Dennis Rader, the so-called B.T.K. killer (“bind, torture, kill”), was sadly very real. A despicable madman whose outwardly normal life as family man, security official and president of his local church concealed a spate of murders committed over an astonishing thirty years. Hopes for an intelligent, sensitive account of his crimes are a little shaky with gorehound’s favourite, Kane Hodder in the title role and an opening that declares this “a fictional story based on a real character.” Sure enough our first glimpse of Rader sees him recite bad poetry then stomp a bound and gagged, bikini girl to death.
Writer-director Michael Feifer plunges us into an avant-garde collage of solarized visuals, still photographs and crime scene sketches, before settling into Rader’s sedate, yet strained home life with his wife (Amy Lyndon) and daughters. An unbelievably anal home security patrolman, the bulk of the movie follows Rader around as he patrols his Wisteria Lane-type community, selecting victims from women he goads into arguing back. He issues a parking ticket to a woman blocking her own driveway, scolds another for not trimming her lawn, and bludgeons a poor teenage girl who inquires about her missing dog. Later, Rader chats to a friendly neighbour and gives a child a ride home while the dying girl whimpers in the back of his van. During an assault on a call-girl (Odessa Rae) who earlier ripped him off, Rader hallucinates she is his daughter and, unable to finish her off, finally goes on the run from the cops.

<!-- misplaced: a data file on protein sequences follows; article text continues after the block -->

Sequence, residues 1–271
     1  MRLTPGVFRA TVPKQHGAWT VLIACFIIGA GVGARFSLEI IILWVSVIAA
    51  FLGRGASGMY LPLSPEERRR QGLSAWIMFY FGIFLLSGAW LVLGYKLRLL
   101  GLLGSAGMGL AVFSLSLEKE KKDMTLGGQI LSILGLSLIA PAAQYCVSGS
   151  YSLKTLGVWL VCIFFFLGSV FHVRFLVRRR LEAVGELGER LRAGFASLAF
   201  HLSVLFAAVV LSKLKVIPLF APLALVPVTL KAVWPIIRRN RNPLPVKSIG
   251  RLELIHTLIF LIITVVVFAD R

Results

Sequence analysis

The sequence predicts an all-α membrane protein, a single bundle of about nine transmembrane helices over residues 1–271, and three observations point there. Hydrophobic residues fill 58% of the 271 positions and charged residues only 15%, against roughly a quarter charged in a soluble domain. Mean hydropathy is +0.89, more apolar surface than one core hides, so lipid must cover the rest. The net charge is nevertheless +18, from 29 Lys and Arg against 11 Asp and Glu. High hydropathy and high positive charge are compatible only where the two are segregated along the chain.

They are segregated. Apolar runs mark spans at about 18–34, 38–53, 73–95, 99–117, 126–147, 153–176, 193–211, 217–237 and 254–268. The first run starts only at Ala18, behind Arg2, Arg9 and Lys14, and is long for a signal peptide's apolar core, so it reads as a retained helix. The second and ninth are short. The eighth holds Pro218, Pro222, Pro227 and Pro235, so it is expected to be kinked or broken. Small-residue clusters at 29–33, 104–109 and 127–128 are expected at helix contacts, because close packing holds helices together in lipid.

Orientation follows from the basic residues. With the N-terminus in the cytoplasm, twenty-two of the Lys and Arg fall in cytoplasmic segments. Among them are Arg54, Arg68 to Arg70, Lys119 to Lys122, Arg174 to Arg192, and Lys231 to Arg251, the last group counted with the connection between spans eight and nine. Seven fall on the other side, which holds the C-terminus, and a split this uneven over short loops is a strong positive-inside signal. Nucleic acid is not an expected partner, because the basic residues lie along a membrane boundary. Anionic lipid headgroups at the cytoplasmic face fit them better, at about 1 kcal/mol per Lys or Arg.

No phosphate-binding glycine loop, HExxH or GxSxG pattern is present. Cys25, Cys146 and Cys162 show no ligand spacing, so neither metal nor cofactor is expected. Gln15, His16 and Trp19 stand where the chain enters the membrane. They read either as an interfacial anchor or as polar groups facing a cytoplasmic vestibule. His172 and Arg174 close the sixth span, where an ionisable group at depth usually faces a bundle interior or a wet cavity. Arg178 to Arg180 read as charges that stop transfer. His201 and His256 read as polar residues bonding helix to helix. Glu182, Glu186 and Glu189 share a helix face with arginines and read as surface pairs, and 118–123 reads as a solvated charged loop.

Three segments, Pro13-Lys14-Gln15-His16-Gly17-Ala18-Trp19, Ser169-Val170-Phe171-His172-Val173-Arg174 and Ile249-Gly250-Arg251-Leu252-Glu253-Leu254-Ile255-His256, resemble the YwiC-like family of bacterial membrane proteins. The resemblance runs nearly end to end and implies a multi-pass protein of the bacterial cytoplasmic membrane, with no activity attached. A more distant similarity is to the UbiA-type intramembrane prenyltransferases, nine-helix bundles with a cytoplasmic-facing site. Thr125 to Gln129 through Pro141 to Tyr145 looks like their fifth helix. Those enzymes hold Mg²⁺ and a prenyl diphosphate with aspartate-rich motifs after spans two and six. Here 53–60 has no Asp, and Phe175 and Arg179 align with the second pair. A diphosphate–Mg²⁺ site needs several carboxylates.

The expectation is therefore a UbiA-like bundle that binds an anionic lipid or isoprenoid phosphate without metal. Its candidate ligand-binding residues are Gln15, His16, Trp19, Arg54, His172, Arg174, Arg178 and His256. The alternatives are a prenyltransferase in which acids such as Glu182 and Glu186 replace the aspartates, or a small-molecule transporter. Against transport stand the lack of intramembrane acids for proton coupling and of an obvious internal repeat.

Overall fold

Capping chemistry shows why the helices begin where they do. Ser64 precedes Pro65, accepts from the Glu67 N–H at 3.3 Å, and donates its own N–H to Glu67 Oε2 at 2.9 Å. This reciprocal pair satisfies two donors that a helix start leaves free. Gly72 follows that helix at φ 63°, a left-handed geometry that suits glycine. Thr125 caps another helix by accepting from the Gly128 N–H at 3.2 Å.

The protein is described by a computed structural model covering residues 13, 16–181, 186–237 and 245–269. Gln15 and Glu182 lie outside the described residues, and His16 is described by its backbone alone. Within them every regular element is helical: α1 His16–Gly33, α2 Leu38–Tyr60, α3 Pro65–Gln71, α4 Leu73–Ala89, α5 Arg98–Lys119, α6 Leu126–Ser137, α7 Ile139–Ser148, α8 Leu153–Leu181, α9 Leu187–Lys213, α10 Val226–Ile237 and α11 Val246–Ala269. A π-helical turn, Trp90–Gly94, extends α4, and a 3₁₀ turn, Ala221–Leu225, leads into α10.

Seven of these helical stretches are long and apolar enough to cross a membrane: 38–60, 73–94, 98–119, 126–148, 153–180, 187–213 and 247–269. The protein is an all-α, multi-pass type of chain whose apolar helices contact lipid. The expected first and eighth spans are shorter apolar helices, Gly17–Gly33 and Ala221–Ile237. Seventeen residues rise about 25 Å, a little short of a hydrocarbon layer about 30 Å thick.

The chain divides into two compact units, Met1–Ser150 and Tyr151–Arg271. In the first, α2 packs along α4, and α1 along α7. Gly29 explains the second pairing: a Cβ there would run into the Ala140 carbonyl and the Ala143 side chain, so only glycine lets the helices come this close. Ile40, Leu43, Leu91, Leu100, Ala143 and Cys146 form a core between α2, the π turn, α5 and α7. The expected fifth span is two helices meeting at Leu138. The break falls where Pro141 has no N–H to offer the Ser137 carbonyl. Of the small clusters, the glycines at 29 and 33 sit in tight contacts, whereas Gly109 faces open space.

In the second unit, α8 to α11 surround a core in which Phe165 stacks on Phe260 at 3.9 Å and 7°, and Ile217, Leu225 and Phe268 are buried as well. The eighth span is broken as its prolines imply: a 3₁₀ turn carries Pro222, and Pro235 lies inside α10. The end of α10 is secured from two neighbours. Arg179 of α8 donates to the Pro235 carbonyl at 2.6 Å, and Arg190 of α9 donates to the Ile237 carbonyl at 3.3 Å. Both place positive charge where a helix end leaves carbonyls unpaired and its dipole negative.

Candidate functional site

The worst kind of serial killer movies are pretentious ones. Which is not to say insightful, artistically accomplished films have not been made about grisly, true stories: Richard Fleischer’s The Boston Strangler (1968) and David Fincher’s Zodiac (2007) for example. A dull, meandering effort, B.T.K. strives for psychological insight, but winds up merely documenting Rader’s crimes for posterity. His assaults upon the women are nasty, unpleasant and prolonged. While this would be disturbing, but tolerable in a fictional horror movie, a true story requires a degree of sensitivity. Like many films of this type, this neglects the emotional impact upon victims’ families and becomes the kind of movie a self-obsessed lunatic like Rader would imagine for himself. And that’s pretty disturbing.
With all those Friday the 13th instalments behind him, Hodder convinces as a brutal killer but hasn’t the acting chops to manage outward normalcy. He is too obviously malignant, which makes Rader’s snivelling, self-justification (“My body produces an abnormal amount of testosterone”) unintentionally comical. Following his tearful confession, an interesting conflict develops between wife and daughters (“No matter what he has done he is your father. You owe him”), but is fumbled by Feifer’s poor script and awkward performances from the supporting cast. And did Rader’s victims really get into prolonged debates with him whilst being tortured?